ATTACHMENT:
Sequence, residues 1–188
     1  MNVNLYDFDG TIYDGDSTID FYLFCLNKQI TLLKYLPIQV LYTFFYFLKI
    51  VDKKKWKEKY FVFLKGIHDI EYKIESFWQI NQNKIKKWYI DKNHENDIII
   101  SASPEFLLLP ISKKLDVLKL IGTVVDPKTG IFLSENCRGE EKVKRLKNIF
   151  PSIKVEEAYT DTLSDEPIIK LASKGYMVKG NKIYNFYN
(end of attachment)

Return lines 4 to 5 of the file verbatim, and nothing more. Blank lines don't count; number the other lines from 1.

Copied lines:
   101  SASPEFLLLP ISKKLDVLKL IGTVVDPKTG IFLSENCRGE EKVKRLKNIF
   151  PSIKVEEAYT DTLSDEPIIK LASKGYMVKG NKIYNFYN